I took me two years to do a roll-up after recovering from a serious injury!
I teach the roll down phase first when clients are very weak. The eccentric contraction builds up their strength, lessens frustration, unnecessary gripping and the potential for injury.
I tell them to bear the discomfort (not the same as pain!) in the front of the neck (which improves as they get stronger) but to stop if they feel they need it. I also ask clients to rest if/when they feel the work in the back of the neck, usually a compensatory strategy with muscles not relevant to the action coming in to help very weak anterior neck muscles. I find that these front of throat muscles are really important to provide support for our head (especially those with forward head posture) and my clients have much better health now in that part of their body too because of their Pilates practice.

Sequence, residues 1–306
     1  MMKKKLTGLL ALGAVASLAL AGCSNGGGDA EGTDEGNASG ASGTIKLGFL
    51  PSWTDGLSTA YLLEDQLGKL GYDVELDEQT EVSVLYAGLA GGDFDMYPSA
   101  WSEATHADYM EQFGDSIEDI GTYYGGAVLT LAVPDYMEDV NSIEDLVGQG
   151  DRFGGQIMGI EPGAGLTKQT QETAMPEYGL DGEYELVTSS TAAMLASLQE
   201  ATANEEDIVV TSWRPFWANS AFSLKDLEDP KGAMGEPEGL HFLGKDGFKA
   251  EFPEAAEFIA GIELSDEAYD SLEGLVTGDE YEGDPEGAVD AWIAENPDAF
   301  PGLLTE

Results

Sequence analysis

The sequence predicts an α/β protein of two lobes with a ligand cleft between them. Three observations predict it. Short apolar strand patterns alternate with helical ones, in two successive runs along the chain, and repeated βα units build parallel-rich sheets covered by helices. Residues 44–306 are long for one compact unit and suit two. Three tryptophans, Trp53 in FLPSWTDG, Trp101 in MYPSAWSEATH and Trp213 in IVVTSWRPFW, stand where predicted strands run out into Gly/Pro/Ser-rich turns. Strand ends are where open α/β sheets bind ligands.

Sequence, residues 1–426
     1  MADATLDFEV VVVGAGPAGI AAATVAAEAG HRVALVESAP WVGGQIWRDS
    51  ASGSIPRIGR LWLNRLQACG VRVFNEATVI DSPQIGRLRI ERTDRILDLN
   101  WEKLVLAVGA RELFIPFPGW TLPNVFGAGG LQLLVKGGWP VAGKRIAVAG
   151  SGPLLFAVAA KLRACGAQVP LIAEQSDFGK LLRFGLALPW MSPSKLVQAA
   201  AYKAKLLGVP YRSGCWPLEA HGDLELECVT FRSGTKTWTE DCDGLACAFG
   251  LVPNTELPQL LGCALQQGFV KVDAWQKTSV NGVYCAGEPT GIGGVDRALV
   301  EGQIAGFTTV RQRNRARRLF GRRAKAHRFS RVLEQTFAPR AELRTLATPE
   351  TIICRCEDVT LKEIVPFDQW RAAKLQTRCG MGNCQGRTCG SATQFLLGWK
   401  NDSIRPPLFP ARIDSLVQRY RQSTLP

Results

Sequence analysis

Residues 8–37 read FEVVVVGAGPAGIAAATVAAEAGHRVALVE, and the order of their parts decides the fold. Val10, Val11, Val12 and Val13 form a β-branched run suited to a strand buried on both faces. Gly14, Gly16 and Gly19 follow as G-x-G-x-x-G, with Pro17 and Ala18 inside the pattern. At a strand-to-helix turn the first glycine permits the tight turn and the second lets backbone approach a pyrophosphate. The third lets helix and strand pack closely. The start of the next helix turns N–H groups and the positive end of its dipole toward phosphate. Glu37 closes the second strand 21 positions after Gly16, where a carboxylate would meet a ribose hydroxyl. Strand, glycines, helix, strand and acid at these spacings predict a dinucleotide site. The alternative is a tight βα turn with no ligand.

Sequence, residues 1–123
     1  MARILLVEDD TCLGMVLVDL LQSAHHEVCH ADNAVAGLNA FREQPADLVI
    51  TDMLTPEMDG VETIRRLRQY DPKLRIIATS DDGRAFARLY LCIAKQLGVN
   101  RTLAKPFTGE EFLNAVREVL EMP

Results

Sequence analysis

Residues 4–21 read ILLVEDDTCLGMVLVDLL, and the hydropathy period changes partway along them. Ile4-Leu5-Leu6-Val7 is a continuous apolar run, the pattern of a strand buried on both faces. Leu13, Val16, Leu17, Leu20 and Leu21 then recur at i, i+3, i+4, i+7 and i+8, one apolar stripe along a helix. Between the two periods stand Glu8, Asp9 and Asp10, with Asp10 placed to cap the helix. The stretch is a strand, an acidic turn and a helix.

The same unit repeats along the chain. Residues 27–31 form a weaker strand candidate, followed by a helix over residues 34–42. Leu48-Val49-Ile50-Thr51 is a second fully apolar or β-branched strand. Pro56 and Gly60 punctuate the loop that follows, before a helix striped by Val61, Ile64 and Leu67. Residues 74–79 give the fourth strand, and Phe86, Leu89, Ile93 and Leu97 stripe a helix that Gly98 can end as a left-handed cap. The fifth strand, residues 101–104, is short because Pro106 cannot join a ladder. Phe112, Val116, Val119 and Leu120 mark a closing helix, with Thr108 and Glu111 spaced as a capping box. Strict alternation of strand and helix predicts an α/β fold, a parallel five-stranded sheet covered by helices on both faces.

Here is a link for a beautifully explained anatomical explanation of sit-ups and Ab Curls: http://bit.ly/I1S7nk. This applies to Roll Ups too, except for the difference between legs bent or straightened, putting less stress on hip flexors because of the relationship shifts between points of origins and insertion.